“People will always want to get out, come together and party. The British are very good at it,” says Ewen Spencer as his new book Hardcore Soul – a collaboration with Gabber Eleganza and Mark Leckey – is published
The dancefloor is as much a space of pleasure and play, as it is a site of revolution and resistance. Nightclubs and dance spaces have – and continue to be – central to subcultures across the world, which challenge and reimagine cultural and societal norms. It is this aspect of the dancefloor that photographer Ewen Spencer captures in his series Hardcore Soul, a set of photographs that have now been released as a publication by Spencer, Gabber Eleganza’s Alberto Guerrini and artist Mark Leckey. The images centre on Britain’s Northern Soul and Happy Hardcore music scenes, and stand as a testament to the positive power of rave culture.
Spencer first began documenting subcultures during his student years in the mid-1990s. “Northern Soul was the first music scene I photographed because it was a scene I was already involved with,” he says. “It was a great way to spend my summers and student grants when I was at art school in Brighton. And then, three years later, I began photographing the UK’s Happy Hardcore scene. Both movements offer an insight into working-class kids celebrating and enjoying dance music.” The book, which is comprised of two separate publications, is made up of an 80-page collection of photographs and a 16-page conversation between Spencer and Leckey that reflects on the significance of such subcultures. The camaraderie that extends across Northern Soul and Happy Hardcore fans is, for Spencer, the most moving component of the music scenes. For at a time when Britain was becoming increasingly divided, working-class communities continued to come together and celebrate.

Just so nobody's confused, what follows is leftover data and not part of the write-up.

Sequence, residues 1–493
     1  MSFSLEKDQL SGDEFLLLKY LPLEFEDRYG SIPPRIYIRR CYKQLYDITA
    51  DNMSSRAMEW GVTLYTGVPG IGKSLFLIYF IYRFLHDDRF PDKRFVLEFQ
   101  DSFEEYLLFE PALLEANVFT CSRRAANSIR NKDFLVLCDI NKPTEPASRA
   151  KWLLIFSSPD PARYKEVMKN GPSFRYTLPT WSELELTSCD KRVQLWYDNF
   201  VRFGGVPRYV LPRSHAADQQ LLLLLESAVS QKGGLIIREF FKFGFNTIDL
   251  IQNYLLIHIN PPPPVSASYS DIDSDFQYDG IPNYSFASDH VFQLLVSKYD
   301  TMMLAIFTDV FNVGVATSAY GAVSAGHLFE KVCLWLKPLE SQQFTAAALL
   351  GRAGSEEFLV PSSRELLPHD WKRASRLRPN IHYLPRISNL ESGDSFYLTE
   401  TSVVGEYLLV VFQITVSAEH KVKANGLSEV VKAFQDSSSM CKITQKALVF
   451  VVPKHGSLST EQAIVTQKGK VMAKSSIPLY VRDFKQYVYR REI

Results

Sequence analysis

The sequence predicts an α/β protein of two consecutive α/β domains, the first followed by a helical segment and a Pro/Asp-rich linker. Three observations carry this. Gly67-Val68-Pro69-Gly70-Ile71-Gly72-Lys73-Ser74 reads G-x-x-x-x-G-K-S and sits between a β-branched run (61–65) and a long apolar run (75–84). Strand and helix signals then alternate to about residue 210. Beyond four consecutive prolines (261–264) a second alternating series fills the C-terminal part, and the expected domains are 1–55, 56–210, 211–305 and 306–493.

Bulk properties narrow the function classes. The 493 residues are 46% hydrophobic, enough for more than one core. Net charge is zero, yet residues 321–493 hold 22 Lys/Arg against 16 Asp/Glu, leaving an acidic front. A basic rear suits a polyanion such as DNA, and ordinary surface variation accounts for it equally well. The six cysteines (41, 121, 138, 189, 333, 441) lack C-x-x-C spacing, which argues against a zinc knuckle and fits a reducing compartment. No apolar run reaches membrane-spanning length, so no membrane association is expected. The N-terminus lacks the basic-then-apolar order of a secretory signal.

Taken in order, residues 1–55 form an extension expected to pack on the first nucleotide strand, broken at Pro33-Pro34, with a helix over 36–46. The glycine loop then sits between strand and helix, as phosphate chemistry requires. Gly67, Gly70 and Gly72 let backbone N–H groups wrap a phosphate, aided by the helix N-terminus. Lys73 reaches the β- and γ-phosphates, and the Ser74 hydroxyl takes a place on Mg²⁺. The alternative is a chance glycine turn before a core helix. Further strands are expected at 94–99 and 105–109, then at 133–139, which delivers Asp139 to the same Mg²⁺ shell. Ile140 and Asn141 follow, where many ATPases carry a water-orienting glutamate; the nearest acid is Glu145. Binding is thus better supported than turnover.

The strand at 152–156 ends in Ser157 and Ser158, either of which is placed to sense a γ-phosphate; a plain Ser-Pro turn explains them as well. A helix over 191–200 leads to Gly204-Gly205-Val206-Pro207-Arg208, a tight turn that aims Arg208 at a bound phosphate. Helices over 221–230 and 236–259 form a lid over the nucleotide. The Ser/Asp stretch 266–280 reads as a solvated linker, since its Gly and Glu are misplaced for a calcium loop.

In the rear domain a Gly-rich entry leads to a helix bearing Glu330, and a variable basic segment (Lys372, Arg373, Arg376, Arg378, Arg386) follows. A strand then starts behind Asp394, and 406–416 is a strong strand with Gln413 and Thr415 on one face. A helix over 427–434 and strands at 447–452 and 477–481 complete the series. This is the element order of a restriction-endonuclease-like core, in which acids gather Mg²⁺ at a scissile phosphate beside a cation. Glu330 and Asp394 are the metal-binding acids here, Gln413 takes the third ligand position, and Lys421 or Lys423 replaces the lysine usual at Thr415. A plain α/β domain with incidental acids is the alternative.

“I like people,” Spencer says. “And the people I’ve photographed are my people, so I felt very comfortable in these places. I knew enough of that world to understand where they were coming from as I’d done my share of raving and all-nighters with my friends, growing up.” Yet, Spencer specifies that it wasn’t so much the act of raving that he was seeking to capture, rather, it was the intimate moments, the instances that reflect the vulnerabilities common to us all. “I wasn’t looking for dancers – probably the opposite, actually. I was looking for moments and characters that represented a commonality that all of us can relate to. These might be moments of vulnerability that reflect the larger issues of sexuality, class, ambition or solitude.”
Above all, Spencer aims to reformulate and reimagine the negative narratives constructed by the mainstream media about Britain’s working classes. More often than not, working-class subcultures are either fetishised, sentimentalised or vilified by middle-class photographers. “I don’t want to photograph people as tragedy. Serious photography, up until five or ten years before I made those pictures, has often depicted the British working classes through broken windows, if you will. I didn’t want to approach the Northern Soul and Happy Hardcore music scenes in that way. I wanted to celebrate the working classes because there was so much to celebrate. And what better place to celebrate than the dance floor where people are creating and making things out of their own will?”
This kind of affirmation is central to Hardcore Soul. For Spencer, the genuine moments of togetherness he has photographed are a part of British history, an era that is difficult to imagine in today’s increasingly individualised and fragmented society. Yet, the photographer remains optimistic. “Some people were really interested in my work at the time. But it’s really with hindsight that these things become relevant. We look back to see what has informed today,” he says. “Things have changed a lot, but I do believe that new subcultures will start bubbling and coming to the fore in venues and locations elsewhere. Because people will always want that: they’ll always want to get out, come together and party. The British are very good at it.”